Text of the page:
The Glen Cove City Council has approved allowing restaurants to play amplified music outdoors.
The vote at a special meeting Tuesday night followed an hourlong hearing at which many residents opposed the change to the city code as imperiling their peace and quiet. But business owners, the chamber of commerce and business improvement district officials said it would help restaurants.
Mayor Reginald Spinello said the measure was intended "to give businesses an opportunity to do more business . . . at the same time we want to be aware and to recognize the concerns in the neighborhoods."
After the vote, Spinello said, "it's fair . . . [and] reasonable."
The measure passed 6-1. Republican Efraim Spagnoletti, who voted no, said he sympathized with residents who could face unwanted noise.
The council amended the city code to allow restaurants to apply for annual permits to play outdoor music from Memorial Day through Sept. 30, on Fridays and Saturdays until 10:30 p.m., and 8 p.m. on Sundays.
The permits will cost $50 and be issued by the building department. The mayor could revoke them for cause.
The mayor and several City Council members characterized the amendment as a trial or test, but it will remain a city law until it is repealed or amended.
Robert Pagano, acting manager and director at the Glen Cove Mansion Hotel and Conference Center, said the venue hasn't performed well since the recession. "A big part of that has been our lack of ability to hold events outside, especially wedding events," he said. "Allowing this permit process and amplified music would really improve the position of the mansion and keep it as an ongoing profitable entity."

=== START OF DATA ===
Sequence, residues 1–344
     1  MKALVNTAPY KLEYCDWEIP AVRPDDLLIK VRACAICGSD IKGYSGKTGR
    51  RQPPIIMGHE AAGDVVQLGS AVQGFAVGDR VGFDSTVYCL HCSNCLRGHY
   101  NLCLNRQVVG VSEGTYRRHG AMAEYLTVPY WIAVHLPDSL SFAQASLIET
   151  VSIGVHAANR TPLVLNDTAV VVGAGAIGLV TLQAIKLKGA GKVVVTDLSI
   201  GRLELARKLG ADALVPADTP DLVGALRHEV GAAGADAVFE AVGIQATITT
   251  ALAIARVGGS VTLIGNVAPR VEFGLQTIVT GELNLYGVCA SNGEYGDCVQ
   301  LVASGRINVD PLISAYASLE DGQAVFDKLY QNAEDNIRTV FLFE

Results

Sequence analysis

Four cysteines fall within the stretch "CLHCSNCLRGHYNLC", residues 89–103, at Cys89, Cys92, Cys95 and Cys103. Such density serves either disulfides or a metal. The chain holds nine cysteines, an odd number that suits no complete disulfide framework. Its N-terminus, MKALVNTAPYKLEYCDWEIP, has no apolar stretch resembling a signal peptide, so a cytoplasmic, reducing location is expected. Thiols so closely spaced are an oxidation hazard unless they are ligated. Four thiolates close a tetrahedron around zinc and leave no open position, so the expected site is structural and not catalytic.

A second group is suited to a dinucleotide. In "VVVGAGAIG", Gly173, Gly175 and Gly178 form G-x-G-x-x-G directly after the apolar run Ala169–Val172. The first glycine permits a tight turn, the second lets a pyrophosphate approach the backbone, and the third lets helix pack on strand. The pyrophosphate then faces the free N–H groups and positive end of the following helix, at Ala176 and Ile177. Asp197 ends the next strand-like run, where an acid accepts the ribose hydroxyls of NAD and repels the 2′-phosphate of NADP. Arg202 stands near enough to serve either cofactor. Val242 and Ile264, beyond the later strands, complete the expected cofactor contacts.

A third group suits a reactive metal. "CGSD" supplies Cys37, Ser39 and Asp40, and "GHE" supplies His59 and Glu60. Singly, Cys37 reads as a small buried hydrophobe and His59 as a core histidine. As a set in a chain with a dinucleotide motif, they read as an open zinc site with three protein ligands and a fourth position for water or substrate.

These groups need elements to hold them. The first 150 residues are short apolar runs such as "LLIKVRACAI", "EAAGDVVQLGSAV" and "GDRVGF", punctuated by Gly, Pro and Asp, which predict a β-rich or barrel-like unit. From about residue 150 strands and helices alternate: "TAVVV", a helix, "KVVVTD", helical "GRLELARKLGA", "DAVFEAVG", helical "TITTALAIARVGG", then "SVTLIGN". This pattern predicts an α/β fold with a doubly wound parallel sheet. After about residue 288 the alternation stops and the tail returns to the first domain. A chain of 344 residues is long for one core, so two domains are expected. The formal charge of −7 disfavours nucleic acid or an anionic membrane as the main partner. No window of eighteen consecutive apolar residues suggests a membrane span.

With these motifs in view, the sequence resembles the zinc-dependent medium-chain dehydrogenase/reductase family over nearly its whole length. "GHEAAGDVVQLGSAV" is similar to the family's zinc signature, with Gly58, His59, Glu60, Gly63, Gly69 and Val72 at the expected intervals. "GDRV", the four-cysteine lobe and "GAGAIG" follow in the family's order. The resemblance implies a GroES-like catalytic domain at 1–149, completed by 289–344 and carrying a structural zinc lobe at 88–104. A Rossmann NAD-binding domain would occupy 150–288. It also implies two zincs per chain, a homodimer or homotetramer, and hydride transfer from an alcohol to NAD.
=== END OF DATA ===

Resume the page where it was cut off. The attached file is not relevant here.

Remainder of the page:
Some residents said they only learned of the issue on Tuesday and questioned why it had been brought to a vote so quickly -- Spinello announced the proposal on Friday.
"This was a railroad job, it wasn't a compromise," said Larry Affrunti, 60, an electrical contractor from the East Island neighborhood. The "timing of the meeting was suspect."
Other residents expressed disbelief that the city would allow this again after past problems.
"We lived through this hell seven years ago," said Joseph Renaghan, 69, a semiretired attorney living in East Island. He said one place played music late at night that rattled windows and made it impossible to sleep without turning on air-conditioning. "It was just intolerable."